The relationship probably began while the Jeffersons, father and two daughters, were in Paris. Sally escorted one of the daughters on the trans-Atlantic voyage to her father and became a member of the Jefferson household, along with her brother James who was studying to become a chef. Had the brother and sister remained in Paris, they could have been free.
Sally may have been pregnant with their first daughter Harriet who was born in 1795 just after the return. Harriet died less than two years later.
Five other children were born to the couple -- William Beverly in 1798, an unnamed daughter who died in 1799, Harriet II in 1801 (?), James Madison January 1805, and Thomas Eston in 1808.
These births all took place at times when Jefferson was at Monticello. According to James Madison Hemings all were freed on or near their twenty-first year. All were trained to life sustaining crafts. Jefferson evidently promised Sally the freedom of their children.
Beverly, Harriet, and Eston merged into the white world. Madison remained and spoke out about the family and was vilified therefor in the 1850's. The vilification and hatred resurfaced some twenty years later. "Whether we think he was telling the truth or not, he, black people, and all Americans deserve better."
And Gordon-Reed observes that the better will come only when the fact of the relationship can be firmly verified -- i.e. through DNA.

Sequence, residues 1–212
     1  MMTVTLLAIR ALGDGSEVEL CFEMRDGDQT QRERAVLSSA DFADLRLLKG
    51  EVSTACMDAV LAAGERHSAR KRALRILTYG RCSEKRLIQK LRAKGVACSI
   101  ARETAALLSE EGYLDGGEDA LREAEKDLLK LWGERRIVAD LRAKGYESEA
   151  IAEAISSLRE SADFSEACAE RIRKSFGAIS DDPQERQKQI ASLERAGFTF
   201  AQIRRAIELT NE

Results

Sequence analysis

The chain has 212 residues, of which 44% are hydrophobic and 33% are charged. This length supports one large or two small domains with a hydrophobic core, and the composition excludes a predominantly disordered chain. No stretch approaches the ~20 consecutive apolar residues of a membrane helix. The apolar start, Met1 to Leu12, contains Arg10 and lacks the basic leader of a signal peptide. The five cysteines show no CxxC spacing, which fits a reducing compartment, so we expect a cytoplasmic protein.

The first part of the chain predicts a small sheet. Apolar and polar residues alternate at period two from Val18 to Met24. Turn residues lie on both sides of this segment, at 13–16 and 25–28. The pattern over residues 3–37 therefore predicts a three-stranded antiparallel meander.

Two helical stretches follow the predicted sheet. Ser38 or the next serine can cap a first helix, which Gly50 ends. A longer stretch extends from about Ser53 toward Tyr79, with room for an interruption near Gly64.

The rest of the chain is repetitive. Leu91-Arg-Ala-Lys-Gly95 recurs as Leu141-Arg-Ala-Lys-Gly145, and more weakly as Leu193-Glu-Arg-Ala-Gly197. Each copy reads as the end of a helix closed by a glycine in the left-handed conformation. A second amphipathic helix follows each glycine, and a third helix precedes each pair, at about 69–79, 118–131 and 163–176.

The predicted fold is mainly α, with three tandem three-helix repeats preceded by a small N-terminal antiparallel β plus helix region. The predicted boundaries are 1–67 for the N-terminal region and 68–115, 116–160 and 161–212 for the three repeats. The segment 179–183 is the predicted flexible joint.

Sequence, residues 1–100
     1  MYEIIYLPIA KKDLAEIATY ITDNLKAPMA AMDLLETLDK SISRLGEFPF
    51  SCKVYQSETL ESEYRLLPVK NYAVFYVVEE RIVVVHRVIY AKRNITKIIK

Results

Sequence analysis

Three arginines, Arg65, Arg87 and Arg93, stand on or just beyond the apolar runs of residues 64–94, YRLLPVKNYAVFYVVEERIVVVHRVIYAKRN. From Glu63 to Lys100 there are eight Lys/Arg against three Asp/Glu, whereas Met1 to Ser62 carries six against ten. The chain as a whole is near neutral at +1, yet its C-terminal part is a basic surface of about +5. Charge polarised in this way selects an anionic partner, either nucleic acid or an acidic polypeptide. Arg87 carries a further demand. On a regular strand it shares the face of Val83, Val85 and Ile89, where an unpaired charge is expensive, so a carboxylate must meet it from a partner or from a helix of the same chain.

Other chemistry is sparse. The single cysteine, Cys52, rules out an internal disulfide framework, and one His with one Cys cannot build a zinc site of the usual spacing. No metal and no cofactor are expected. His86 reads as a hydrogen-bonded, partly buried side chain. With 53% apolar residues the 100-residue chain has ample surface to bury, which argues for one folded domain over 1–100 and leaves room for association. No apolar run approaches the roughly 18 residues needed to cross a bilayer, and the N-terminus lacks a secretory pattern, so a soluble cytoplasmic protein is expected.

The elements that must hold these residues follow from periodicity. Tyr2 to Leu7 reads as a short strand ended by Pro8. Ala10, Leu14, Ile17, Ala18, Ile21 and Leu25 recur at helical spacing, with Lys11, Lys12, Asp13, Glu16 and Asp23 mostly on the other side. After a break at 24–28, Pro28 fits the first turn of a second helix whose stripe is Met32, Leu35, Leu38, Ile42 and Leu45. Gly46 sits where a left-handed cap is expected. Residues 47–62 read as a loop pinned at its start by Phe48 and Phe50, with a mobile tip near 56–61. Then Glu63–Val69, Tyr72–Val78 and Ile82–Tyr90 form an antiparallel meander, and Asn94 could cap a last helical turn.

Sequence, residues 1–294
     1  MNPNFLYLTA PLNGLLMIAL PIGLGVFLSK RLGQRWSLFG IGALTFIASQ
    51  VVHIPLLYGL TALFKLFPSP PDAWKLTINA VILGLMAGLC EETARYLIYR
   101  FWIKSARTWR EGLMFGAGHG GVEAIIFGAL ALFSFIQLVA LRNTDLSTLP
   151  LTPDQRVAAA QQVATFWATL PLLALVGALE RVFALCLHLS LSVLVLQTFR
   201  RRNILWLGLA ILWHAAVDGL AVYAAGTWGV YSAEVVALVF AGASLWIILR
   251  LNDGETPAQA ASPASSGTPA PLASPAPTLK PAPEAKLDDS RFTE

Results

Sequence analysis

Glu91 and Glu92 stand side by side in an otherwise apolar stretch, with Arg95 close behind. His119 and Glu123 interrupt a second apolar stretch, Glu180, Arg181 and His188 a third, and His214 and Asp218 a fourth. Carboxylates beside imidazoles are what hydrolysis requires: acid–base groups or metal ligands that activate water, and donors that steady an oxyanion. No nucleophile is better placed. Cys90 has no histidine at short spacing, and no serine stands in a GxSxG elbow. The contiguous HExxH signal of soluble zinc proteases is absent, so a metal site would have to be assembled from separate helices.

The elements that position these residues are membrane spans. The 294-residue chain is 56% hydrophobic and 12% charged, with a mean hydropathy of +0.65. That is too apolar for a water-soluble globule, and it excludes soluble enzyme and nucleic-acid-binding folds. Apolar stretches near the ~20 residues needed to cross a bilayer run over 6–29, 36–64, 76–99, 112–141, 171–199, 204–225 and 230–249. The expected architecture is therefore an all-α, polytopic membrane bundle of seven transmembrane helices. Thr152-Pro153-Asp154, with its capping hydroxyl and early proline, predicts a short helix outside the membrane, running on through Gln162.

Within a year of the publication of this volume, such DNA verification became available. Evidence now points to the conclusion that Jefferson fathered at least one of the Hemings children.
As Gordon-Reed observes, "It seems that some people may believe in the Jefferson-Hemings liaison because they have a particular view of human beings, and they seem determined to see Thomas Jefferson as a part of the species both as a slaveholder and as a man."
And I find it hard to discount what I see as a shared joy upon Jefferson's repeated return to Sally at Monticello resulting in a considerable family.
Tom Chaney can be found telling stories, planning his next meal, and occasionally selling books at
Box 73 / 111 Water Street
Horse Cave, Kentucky 42749
Email: Tom Chaney - email@example.com
This story was posted on 2015-10-04 06:05:38
Printable: this page is now automatically formatted for printing.
Have comments or corrections for this story? Use our contact form and let us know.
To sponsor news and features on ColumbiaMagazine, please use our contact form.
More articles from topic Tom Chaney: Of Writers and Their Books:
Tom Chaney: A World Made New
Tom Chaney: The Hero Takes No Crap
Tom Chaney: Alan Vance at The Gallery
Tom Chaney: From The Hawks to The Band
Tom Chaney: Yes, I Can. And, Yes, I Did
Tom Chaney: Galilean Twins
Tom Chaney: The Road to Savoyard
Tom Chaney: Cool Reading - Hot Summertime
Tom Chaney: Unseen Women
Tom Chaney: Possum Unlimited
View even more articles in topic Tom Chaney: Of Writers and Their Books
Click for Info
Bank of Columbia
If You're Thinking of Selling,
Let Us Do the Yelling
Principal Broker & Auctioneer
Burton Real Estate
& Auction Service
Call Us For Appraisals
Click for Listings
On This Site
or Click Here
The Best of
Local Stories of
The Greatest Generation
Order Book or e-Book
See who's celebrating
Birthdays and Anniversaries
Special Events List
ColumbiaMagazine.com content is available as an RSS/XML feed for your RSS reader or other news aggregator.
Contact us: Columbia Magazine and columbiamagazine.com are published by D'Zine, Ltd., PO Box 906, Columbia, KY 42728.